Chapter IX, Section 9-3, Merit System. The charter should be amended to require the First Selectman to institute a merit system that includes an annual job performance evaluation. This should not be optional as is the case today. How can raises be allocated without determining someone’s performance against their peers? How can someone be terminated or promoted without supporting documentation? The current lack of a system is a liability to the town. This is something a professional town manager would be in a better position to implement. Again it would be pure coincidence if the First Selectman had Human Resources (HR) background. Also require a background check on all hiring in the charter. Not only smart but a liability issue if not done.
Currently town labor contracts are negotiated by the First Selectman and employee costs are by far the largest part of our budget. This is a problem for two reasons; 1. The First Selectman is not a professional labor negotiator (it would be pure coincidence if he/she were) and 2. Since many of those who work under these contracts are Clinton Voters, it is a conflict of interest. In fact it is troubling that there are no qualifications whatever to be First Selectman (other than resident elector). Why would we want to put our First Selectman in this position? And without professional skills and experience, how can we sure the town negotiated the best contract? Therefore we recommend that the charter require that all contracts be negotiated by a professional labor negotiator who is very experienced in representing town governments. Also you might require that contracts that are retroactive more than six months or give increases above the CPI, must go to referendum after approval by BOF.
In Chapter VI, Section 6-2, D. “The first Selectman shall contract for all services and the purchases of supplies, equipment and other commodities” ------------ “under the competitive bidding provisions of this Charter”. These provisions are found in Chapter X, Section 10-6, B. In part it says, “Said regulations (bidding rules) may exclude professional, engineering and technical services”. This is a loop hole which allows the First Selectman to choose vendors without bidding. We recommend closing this loop hole.
Private Organizations Funded by Taxpayer
Institutions that receive substantial taxpayer funds should be subject to some oversight by the town. Financial reports should be required on a regular basis to be provided to the town on a par with other town agencies. Further, the BOS should have the authority to appoint an appropriate number of town representatives to sit on boards of trustees or boards of directors of such outside organizations. These requirements must be a prerequisite for continued funding.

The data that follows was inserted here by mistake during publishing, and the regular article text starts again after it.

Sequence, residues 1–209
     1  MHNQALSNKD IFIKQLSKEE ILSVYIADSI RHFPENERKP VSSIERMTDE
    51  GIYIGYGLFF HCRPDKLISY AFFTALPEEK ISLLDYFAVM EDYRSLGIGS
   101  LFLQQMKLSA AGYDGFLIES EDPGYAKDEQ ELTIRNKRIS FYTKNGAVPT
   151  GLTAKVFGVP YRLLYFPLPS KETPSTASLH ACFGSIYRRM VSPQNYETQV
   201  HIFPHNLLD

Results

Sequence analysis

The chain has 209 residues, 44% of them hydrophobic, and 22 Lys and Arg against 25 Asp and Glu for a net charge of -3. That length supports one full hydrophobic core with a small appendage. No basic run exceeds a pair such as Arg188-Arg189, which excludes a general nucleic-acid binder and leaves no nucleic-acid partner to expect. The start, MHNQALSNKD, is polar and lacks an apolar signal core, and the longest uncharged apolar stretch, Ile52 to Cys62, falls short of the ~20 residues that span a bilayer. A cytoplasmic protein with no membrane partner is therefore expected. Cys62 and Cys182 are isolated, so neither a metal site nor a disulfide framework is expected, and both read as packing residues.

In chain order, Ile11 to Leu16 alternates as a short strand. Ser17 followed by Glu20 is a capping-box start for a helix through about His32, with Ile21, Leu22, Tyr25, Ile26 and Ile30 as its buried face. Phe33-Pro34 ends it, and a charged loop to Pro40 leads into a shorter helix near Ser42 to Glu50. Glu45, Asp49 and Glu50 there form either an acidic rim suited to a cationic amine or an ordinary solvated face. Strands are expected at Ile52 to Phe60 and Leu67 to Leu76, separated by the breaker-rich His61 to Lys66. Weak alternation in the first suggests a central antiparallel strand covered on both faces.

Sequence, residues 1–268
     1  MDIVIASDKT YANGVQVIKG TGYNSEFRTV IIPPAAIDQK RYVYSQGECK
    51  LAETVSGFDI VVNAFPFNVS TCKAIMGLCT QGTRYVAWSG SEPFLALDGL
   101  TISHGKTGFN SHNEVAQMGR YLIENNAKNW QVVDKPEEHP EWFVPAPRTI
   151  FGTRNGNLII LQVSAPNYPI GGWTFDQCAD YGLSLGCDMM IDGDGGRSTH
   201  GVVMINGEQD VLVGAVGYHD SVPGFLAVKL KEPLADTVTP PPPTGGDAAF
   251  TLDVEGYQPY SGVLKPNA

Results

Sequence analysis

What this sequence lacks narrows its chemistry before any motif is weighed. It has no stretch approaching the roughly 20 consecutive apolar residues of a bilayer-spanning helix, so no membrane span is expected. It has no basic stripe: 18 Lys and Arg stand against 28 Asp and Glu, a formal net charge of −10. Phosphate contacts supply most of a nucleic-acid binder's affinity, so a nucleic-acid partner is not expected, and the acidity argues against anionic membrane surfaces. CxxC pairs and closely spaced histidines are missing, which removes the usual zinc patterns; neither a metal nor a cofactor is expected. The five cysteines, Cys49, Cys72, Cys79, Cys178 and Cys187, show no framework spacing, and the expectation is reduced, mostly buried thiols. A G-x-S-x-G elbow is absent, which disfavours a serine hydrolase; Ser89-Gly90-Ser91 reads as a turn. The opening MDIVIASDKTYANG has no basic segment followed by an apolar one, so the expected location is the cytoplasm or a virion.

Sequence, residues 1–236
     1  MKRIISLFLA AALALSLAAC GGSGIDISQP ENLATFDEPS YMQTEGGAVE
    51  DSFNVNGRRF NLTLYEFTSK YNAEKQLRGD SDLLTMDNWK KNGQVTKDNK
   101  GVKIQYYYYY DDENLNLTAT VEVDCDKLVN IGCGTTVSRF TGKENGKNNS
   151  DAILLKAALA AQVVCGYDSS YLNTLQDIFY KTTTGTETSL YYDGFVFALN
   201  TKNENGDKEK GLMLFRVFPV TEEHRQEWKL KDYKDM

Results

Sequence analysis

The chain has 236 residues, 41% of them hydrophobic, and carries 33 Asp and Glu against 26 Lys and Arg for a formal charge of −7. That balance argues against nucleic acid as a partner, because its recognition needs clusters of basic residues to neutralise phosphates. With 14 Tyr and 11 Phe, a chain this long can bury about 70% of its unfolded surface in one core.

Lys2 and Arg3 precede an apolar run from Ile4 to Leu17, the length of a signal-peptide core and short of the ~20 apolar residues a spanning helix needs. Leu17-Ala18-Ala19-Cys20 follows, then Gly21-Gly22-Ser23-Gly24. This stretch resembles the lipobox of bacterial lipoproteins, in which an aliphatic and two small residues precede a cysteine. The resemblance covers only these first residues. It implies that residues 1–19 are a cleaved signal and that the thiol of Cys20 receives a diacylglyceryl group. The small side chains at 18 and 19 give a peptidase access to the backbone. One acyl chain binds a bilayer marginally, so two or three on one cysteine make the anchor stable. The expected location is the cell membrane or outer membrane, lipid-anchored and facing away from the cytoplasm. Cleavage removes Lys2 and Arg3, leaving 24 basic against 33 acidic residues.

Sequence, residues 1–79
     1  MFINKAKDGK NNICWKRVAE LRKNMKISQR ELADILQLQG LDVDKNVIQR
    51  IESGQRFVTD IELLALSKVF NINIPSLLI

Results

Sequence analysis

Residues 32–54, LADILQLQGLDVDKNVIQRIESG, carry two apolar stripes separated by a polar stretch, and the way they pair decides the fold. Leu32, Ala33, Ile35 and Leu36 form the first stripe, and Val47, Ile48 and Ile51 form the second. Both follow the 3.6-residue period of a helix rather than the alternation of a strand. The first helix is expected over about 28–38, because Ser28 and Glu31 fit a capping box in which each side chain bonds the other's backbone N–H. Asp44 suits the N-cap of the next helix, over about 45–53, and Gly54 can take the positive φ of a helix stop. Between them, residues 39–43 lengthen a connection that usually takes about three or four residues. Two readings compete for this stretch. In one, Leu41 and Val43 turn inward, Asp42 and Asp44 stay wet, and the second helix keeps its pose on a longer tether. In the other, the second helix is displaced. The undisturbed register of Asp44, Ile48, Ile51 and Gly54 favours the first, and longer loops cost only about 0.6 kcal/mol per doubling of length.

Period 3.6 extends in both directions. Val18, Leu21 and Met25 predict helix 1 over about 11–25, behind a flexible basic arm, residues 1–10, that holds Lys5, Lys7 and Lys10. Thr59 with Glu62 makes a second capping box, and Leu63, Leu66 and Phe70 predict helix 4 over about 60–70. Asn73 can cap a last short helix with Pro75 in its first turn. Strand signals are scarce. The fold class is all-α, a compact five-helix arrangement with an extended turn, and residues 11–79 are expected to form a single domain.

Town Meeting and Referenda, Quorums & Authority
With the often poor attendance at town meetings we are making the following recommendations: Currently the Town Meeting can approve to be spent up to 5% of the current tax levy (Chapter IV, Section A.A, sub-section 1 and 2.) before requiring a referendum. This authority is currently approaching $2,500,000. We recommend this be reduced to 2.5% and that no single item exceeding $1,000,000 shall be approved by town meeting.
Also establishing quorums may be a requirement whose time has come. For the town meeting, would it be too much to ask for 25 voters to participate. For passage of referendums, a 15% turnout should be required. This would make it more democratic and make it harder for special interests to pass bond issues under the radar.
Board of Finance & Alternates
Strengthen Board of Finance’s role, do not weaken it. Also increase membership to seven. Do not reduce to five. This would concentrate too much power in too few and the BOF could be more easily controlled by a faction. Reducing would also increase the attendance problem. Also reduce terms to four years. Alternates – they are needed on Boards & Commissions with deadlines. Consider this – if a full seat goes vacant, require the BOS to back fill the seat from the Alternates on that body consistent with minority party representation rules, then backfill the Alternate position.
Separate Questions on Ballot
Any proposed change that resembles a controversial issue should be a separate question on ballot. Also all bond issues for multiple projects should be broken up into individual questions. And transfer of funds between projects should be prohibited. Allowing transfer creates a “slush” fund and that is not a complimentary term. Firm maximums for each project should also be established.
Town Manager form of Government
Although a professional Town Manager form of government will not be considered this time around, we are encouraged that so many other people are suggesting its time has come. Many minds and perspectives (and public participation) will make for a better Charter.
Phil Sengle, RTC Chair